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United States v. Staples

United States District Court, D. Minnesota

June 15, 2018

United States of America, Plaintiff,
v.
Virginia Mae Staples, Defendant.

          Thomas Calhoun-Lopez, Assistant United States Attorney, (for the Government); and

          Lisa M. Lopez, Assistant Federal Defender, (for Defendant).

          ORDER

          Tony N. Leung United States Magistrate Judge

         This matter is before the Court, United States Magistrate Judge Tony N. Leung, on the following motions:

1. Defendant's Pretrial Motion for Disclosure of Rule 404 Evidence, (ECF No. 14);
2. Defendant's Pretrial Motion to Compel Attorney for the Government to Disclose Evidence Favorable to the Defendant, (ECF No. 15);
3. Defendant's Pretrial Motion for Discovery and Inspection, (ECF No. 16);
4. Defendant's Motion for Discovery of Expert Under Rule 16(a)(1)(G), (ECF No. 17);
5. Defendant's Motion for Early Disclosure of Jencks Act Material, (ECF No. 18); and
6. Defendant's Pretrial Motion for Government Agents to Retain Rough Notes and Evidence, (ECF No. 19).

         A hearing was held on April 17, 2018. (ECF No. 25). Based upon the record, memoranda, oral arguments of counsel, and the agreement of the parties as noted at the hearing and in their respective submissions, IT IS HEREBY ORDERED as follows:

         1. Defendant's Pretrial Motion for Disclosure of Rule 404 Evidence, (ECF No. 14), is GRANTED IN PART and DENIED IN PART as follows: Defendant requests that the Government “immediately disclose any ‘bad act' or ‘similar course of conduct' evidence it intends to offer at trial pursuant to Rule 404 of the Federal Rules of Evidence.” The Government has indicated it is aware of its obligations under Rule 404(b) and will comply with said obligations, proposing a two-week deadline for disclosure. (Gov't's Resp., at 1-2, ECF No. 23). At the hearing, Defendant had no objection to the two-week deadline. (Apr. 17, 2018 Motions Hearing Tr. 4:2-14, ECF No. 29).

         Rule 404(b) requires the Government to provide reasonable notice before trial when evidence of a crime, wrong, or other act will be used to “prov[e] motive opportunity, intent, preparation, plan, knowledge, identity, absence of mistake, or lack of accident.” Fed.R.Evid. 404(b)(2). “Rule 404(b) . . . applies to the admission of wrongful-act evidence that is extrinsic to the charged offense; the rule does not prevent admission of other wrongful conduct that is intrinsic to the charged offense.” United States v. Ruiz-Chavez, 612 F.3d 983, 988 (8th Cir. 2010) (citations omitted). “Evidence of other wrongful conduct is considered intrinsic when it is offered for the purpose of providing the context in which the charged crime occurred.” United States v. Johnson, 463 F.3d 803, 808 (8th Cir. 2006) (citation omitted). Therefore, the Government shall provide notice of all extrinsic evidence that it intends to offer at trial within the purview of Fed.R.Evid. 404(b) no later than two-weeks before trial. If the Government subsequently discovers additional extrinsic evidence, it shall provide reasonable notice of such evidence as soon as practicable after such discovery.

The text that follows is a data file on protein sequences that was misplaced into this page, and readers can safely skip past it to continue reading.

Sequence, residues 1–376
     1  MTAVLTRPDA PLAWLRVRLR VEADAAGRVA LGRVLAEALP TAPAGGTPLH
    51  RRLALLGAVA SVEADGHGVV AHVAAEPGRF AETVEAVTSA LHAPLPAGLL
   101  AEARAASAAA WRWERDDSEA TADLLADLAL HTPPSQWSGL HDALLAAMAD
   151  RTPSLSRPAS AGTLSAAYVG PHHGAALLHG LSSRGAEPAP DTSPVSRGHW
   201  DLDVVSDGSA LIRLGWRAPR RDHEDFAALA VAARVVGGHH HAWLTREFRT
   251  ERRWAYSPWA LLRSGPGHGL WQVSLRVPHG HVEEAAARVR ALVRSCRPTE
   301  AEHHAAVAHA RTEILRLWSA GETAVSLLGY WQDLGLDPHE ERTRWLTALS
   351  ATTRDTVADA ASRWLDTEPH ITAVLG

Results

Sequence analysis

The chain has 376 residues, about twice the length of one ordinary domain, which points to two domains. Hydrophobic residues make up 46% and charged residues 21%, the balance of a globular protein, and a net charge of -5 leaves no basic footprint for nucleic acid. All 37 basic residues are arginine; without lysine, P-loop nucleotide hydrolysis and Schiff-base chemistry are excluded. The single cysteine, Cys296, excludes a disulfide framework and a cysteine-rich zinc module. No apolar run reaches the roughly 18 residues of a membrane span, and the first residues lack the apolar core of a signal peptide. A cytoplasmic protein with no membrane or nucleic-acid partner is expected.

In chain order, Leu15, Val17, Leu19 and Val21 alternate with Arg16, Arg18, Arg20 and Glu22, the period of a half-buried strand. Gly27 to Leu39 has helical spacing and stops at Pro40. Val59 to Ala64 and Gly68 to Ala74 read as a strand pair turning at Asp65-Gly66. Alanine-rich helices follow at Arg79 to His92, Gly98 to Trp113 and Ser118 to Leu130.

2. Defendant's Pretrial Motion to Compel Attorney for the Government to Disclose Evidence Favorable to the Defendant, (ECF No. 15), is GRANTED IN PART and DENIED IN PART as follows: Defendant seeks evidence favorable to Defendant pursuant to Brady v. Maryland, 373 U.S. 83 (1963), Giglio v. United States, 405 U.S. 150 (1972), and their progeny. The Government indicates that it is aware of its obligations under Brady, Giglio, and their progeny and will fully comply with its obligations, but objects to the extent Defendant seeks evidence outside these obligations. (Gov't's Resp., at 2). At the hearing, the Government indicated it has turned over all relevant evidence to date and agreed to provide any evidence subsequently discovered on a rolling basis, but no later than two weeks before trial. (Tr. 4:15-5:9). The Government shall comply fully with its obligations under Brady, Giglio, and their progeny. To the extent Defendant's motion seeks discovery and disclosures outside the Government's obligations under these authorities, it is denied. See United States v. Johnson, 228 F.3d 920, 924 (8th Cir. 2000) ...


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